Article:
A Chinese, born in China with a dark skin, and with all the handicaps of that race seems to have little opportunity. But think of the mercy of God to Chinese people who are willing to accept the gospel. In spite of whatever they might have done in the pre-existence to justify being born over there as Chinamen, if they now, in this life accept the gospel and live it the rest of their lives they can have the Priesthood, go to the temple and receive endowments and sealings, and that means they can have exaltation.
-- (Apostle) Elder Mark E. Petersen, in a talk given at Brigham Young University (BYU) on August 27, 1954
The Mormon mission experience is a unique and remarkable thing. If you send single young adults to a foreign country to learn the language and culture, there's a danger they'll assimilate, internalize the new country's values and culture, and stay there. Yet, the LDS church has a pretty strong track record of getting missionaries (or mishies, as I like to call them) to learn a foreign language/culture just enough to get around easily but not so much that the new country becomes "home."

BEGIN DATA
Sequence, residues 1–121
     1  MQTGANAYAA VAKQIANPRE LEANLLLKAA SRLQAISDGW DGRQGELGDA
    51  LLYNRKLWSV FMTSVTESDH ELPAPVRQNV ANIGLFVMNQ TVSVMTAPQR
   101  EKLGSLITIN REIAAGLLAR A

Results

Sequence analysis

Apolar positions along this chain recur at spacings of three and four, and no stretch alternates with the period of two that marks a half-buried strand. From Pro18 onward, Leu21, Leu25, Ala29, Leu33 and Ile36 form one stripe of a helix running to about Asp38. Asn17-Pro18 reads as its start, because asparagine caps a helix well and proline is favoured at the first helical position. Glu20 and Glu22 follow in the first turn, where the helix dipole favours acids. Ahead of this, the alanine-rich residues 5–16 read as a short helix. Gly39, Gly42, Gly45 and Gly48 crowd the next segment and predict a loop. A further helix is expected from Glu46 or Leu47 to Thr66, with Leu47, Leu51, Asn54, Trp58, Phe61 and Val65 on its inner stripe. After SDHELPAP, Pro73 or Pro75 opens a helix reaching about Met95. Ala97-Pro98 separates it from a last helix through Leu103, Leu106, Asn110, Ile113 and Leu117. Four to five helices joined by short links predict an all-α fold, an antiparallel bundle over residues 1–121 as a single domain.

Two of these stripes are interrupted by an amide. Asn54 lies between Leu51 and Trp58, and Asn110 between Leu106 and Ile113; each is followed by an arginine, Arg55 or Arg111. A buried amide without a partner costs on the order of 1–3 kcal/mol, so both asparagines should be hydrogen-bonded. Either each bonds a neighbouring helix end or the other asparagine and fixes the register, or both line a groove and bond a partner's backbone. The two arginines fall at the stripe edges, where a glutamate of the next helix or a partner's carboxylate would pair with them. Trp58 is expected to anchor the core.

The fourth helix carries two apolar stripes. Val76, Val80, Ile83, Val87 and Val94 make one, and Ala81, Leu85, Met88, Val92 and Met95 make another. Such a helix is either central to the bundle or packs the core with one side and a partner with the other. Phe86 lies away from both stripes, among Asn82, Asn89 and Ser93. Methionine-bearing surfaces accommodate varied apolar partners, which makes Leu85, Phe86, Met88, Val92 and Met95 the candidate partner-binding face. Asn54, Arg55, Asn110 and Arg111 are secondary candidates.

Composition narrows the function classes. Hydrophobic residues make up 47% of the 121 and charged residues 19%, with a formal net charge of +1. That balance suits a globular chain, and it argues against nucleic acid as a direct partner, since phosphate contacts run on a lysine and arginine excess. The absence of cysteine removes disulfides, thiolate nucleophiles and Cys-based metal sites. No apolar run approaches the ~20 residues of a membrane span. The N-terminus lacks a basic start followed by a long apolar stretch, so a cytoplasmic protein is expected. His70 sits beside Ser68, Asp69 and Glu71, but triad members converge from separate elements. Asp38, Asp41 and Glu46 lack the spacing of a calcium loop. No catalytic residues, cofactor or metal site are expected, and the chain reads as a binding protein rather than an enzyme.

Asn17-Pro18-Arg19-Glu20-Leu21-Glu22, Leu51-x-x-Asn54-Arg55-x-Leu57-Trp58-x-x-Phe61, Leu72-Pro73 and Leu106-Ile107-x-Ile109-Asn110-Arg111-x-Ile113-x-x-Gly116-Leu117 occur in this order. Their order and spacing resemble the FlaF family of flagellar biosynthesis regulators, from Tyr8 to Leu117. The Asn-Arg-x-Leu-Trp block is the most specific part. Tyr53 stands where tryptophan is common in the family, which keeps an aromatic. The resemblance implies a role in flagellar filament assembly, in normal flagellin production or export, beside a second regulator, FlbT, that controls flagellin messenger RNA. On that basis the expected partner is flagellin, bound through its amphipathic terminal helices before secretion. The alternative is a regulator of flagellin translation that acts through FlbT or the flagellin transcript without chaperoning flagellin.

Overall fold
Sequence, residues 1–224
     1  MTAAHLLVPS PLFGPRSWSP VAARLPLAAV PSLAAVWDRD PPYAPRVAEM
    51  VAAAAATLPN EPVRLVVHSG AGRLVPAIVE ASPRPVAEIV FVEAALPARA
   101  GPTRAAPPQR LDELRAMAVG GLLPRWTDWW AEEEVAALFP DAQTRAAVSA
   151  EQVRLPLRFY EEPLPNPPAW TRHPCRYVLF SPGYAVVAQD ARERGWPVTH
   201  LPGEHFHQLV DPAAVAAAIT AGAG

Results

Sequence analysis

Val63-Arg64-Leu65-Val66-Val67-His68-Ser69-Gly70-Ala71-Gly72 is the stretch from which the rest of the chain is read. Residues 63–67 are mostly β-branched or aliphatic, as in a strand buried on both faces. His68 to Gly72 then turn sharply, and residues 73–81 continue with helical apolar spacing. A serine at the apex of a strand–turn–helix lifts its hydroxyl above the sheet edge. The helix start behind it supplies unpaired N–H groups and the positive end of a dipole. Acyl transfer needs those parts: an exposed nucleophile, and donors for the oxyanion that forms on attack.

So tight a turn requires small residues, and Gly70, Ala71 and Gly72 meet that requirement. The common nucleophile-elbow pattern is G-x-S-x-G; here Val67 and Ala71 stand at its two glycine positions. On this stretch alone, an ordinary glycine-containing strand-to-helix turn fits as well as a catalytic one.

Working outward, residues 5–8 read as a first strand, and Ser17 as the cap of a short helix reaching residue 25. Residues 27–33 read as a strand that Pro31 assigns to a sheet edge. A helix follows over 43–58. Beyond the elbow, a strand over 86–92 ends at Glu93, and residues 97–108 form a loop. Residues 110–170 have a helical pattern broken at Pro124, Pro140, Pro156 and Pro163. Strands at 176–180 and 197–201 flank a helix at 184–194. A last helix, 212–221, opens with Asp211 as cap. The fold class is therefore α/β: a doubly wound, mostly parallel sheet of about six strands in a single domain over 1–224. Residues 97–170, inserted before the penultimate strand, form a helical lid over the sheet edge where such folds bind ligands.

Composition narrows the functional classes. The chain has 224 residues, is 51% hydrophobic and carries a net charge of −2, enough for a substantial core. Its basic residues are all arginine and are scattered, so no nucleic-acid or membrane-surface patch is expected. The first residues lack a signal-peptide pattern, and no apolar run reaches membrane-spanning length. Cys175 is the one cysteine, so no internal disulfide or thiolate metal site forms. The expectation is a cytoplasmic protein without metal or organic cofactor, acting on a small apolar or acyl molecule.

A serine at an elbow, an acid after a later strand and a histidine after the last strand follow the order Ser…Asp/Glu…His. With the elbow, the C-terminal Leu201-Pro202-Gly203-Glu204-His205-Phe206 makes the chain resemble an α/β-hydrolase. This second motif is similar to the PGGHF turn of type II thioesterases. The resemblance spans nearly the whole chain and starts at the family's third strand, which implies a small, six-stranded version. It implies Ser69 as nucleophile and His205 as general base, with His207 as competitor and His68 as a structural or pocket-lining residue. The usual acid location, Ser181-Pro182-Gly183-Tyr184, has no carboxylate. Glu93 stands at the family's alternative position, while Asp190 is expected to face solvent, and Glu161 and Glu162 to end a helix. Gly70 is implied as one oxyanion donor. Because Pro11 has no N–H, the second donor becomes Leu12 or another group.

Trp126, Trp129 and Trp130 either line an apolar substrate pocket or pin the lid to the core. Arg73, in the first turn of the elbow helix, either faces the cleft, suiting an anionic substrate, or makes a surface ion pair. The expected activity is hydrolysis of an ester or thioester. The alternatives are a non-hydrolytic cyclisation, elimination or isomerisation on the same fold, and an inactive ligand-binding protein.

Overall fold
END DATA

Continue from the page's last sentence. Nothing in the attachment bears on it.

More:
How do they do it? Well, I've just read an interesting new missionary memoir that goes a long way towards explaining how it works. From a faithful LDS persepctive, Jack B. Worthy's mission was a "failed" one -- not only did he leave the church at the end, but he essentially went on to choose his mission country (Hong Kong) over his Mormon American culture. Naturally this gives us some contrasting points to show how those missions that do work work.